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Hyundai E&C announces coal exit

The construction firm plans to leave its coal business behind, but it will go ahead with at least one more coal venture. Whether it plans to pursue any other projects before the policy takes effect remains uncertain.

coal power Jiangsu China
Smoke is discharged from chimneys at a coal-fired power plant in east China's Jiangsu province. Image: ChinaImagesCC BY-NC-ND 3.0

Hyundai Engineering and Construction today declared an exit from its coal power construction business but will proceed with plans to build at least one more coal venture in Vietnam and potentially other “ongoing projects”, a letter seen by Eco-Business reveals.

The announcement comes amid growing criticism from civil society groups that the South Korean construction firm’s latest coal project contradicts its own sustainability policy, as it fuels an increase in emissions overseas and jars with national emissions targets at home. Coal burning is the single biggest driver of human-caused climate change.

Last month, Hyundai E&C was selected as one of the contractors for the construction of the 1,200-megawatt Quang Trach 1 power plant by Vietnamese state-utility EVN, along with Vietnam’s No. 1 Construction Corporation and Japan’s Mitsubishi Corporation. The US$1.8-billion project is slated to be completed within 48 months.

In the letter, sent to a coalition of civil society groups on 21 July, the company said it had decided to “totally exclude the possibility” of participation in any newly built coal-fired power plant projects either in South Korea or abroad, subsequently to the fulfilment of contractual commitments to ongoing projects.

It did not specify how many projects are currently in the pipeline. The company was not available for comment.

Hyundai E&C’s chief executive officer Young-Joon Yoon said the company had reviewed the climate threats associated with coal and “came to a conclusion to officially release the ‘Hyundai E&C declaration on Coal Exit’”.

Yoon said the firm had “become more aware of the visible, sometimes invisible, risks of coal power projects” and was determined to transform its business strategies in response to the climate crisis, pursuing “sustainable growth” that “goes beyond improving short-term business performance”.

However, he defended the firm’s involvement in Quang Trach 1, stressing that it was of “national priority” to the Southeast Asian nation to address rising power shortages amid rapid energy demand growth.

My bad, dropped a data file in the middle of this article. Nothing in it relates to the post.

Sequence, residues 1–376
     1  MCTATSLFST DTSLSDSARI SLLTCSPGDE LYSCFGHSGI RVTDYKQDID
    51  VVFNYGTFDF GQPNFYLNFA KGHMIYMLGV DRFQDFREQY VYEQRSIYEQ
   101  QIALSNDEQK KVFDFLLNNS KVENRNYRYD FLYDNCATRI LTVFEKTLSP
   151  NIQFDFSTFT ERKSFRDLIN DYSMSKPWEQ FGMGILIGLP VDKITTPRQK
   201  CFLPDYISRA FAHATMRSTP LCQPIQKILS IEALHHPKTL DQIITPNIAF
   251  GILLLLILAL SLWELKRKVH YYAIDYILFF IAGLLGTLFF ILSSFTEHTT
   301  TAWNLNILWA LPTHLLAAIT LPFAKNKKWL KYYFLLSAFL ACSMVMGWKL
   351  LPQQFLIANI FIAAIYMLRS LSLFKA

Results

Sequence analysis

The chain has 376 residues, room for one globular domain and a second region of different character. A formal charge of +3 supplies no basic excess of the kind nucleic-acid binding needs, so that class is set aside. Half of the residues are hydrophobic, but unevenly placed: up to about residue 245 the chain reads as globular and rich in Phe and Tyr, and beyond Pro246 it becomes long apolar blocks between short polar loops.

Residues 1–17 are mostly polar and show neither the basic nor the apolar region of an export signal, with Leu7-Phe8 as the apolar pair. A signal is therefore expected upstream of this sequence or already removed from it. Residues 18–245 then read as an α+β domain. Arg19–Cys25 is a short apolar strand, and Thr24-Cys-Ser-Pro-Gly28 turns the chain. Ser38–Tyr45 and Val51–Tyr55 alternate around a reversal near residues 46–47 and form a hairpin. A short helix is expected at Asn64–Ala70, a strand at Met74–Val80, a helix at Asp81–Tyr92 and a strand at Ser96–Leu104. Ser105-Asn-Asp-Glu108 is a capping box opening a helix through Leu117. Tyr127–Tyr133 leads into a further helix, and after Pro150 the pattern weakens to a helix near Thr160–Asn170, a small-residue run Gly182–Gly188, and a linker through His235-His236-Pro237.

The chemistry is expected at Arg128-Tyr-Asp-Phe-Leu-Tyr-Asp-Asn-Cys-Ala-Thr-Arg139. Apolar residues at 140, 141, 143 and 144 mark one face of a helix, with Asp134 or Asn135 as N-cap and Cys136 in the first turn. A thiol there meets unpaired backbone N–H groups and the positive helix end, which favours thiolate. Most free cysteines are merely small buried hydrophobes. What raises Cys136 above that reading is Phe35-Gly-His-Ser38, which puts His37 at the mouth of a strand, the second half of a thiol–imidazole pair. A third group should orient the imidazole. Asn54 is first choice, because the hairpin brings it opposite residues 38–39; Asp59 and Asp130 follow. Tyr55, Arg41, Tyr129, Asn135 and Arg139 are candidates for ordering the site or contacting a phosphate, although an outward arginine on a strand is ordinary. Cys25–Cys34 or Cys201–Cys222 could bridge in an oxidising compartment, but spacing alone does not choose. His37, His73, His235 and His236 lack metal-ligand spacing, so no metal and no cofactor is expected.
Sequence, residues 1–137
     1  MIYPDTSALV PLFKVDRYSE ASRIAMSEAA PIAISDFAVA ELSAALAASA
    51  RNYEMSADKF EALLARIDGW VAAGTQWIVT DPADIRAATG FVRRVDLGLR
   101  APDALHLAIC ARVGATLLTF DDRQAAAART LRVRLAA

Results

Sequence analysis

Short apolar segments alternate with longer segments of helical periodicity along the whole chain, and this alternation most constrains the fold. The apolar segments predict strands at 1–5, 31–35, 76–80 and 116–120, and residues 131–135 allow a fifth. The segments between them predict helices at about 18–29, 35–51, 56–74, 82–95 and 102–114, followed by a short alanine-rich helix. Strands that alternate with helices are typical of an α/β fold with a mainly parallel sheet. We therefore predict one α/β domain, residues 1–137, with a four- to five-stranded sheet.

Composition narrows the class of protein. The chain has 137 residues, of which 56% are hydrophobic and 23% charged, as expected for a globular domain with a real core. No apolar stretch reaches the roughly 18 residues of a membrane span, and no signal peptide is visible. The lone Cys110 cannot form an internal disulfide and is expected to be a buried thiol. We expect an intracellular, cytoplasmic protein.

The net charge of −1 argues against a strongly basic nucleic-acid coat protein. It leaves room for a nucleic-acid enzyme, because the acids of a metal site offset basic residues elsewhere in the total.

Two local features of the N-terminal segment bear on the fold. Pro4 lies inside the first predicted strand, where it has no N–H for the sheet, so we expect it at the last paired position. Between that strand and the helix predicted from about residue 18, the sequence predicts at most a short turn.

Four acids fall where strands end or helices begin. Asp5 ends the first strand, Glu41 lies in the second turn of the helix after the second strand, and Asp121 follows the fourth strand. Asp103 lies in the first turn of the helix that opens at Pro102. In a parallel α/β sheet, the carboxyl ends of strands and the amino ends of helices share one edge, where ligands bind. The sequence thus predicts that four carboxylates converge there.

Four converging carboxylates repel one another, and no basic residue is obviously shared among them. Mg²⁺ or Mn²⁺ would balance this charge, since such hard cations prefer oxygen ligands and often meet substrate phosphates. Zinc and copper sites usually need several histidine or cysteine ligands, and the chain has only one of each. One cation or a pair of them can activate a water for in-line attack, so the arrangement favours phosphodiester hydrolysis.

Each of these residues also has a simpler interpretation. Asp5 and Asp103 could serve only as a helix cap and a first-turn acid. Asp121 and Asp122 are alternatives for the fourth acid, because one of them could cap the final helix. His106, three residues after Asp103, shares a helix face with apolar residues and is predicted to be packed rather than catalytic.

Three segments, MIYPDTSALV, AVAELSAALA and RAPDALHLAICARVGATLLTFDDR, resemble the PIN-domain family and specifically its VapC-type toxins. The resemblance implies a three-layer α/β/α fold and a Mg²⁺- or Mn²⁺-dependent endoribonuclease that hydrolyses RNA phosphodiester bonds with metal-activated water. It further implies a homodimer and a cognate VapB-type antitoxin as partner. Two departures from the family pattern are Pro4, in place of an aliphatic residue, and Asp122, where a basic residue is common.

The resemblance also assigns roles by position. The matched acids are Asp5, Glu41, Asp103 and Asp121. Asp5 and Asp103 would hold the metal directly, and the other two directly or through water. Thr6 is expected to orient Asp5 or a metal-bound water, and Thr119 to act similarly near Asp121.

The plant would also be equipped with less polluting ultra-supercritical coal combustion technology and other emissions control technologies to reduce environmental harm, he added.

Hyundai E&C’s letter comes in response to another letter sent by civil society groups Mekong Watch, Market Forces, Friends of the Earth Japan and Fridays for Future to the construction firm earlier this week, which highlighted the project’s vast climate change impact and detailed complaints from local communities in Vietnam that they had not been appropriately compensated and remained concerned about environmental pollution.

The letter also warned the deal would be viewed “as one of the worst examples of greenwashing”. Claims that the coal industry can clean up its act and play a role in the energy transition have been on the rise across Asia, with novel combustion technologies allegedly capable of delivering net efficiency rates of up to 47.5 per cent, higher than the global average of 34 per cent. But experts have called such claims into question and cautioned that they could slow the shift away from the fuel, making it difficult for renewables to gain ground.

Seoul-based climate policy advocacy group Solutions for our Climate (SFOC) has responded to Hyundai E&C’s latest letter, calling on the construction company to withdraw from its latest coal venture.

In a statement, it said the decision to back the project reflected an “alarming trend” of South Korean firms still pursuing coal business abroad that undermined the government’s ambition to end state funding of coal power overseas, a pledge President Moon Jae-in made in April this year.

The group pointed out that Hyundai’s E&C’s bid was at odds with its commitment to environmental, social and corporate governance (ESG) principles, laid out in its ‘2050 Global Green One Pioneer’ vision, and its self-branding as a responsible business leader.

Sejong Youn, SFOC’s climate finance programme director, said the plan to build the plant “defeats the sincerity of the company’s coal exit, and contradicts its own attempts to build a reputation as a forward-thinking and sustainable company”.

“In the face of growing concern about the climate crisis, investors and customers will no doubt be shocked that Hyundai would still take a financial and reputational gamble. This affects not just Hyundai E&C but reflects poorly on the Hyundai Group as a whole,” added Youn.

Hyundai Motors, the largest shareholder of Hyundai E&C, recently joined the RE100 initiative, a global group of corporates committed to using renewables in their operations.

SFOC added that Hyundai E&C’s decision was all the more surprising given the controversy around another recent coal deal, the 1,000-MW Cirebon 2 coal-fired plant in Indonesia, in which Hyundai E&C admitted to bribing the former district head of Cirebon to muffle local resistance to the project.

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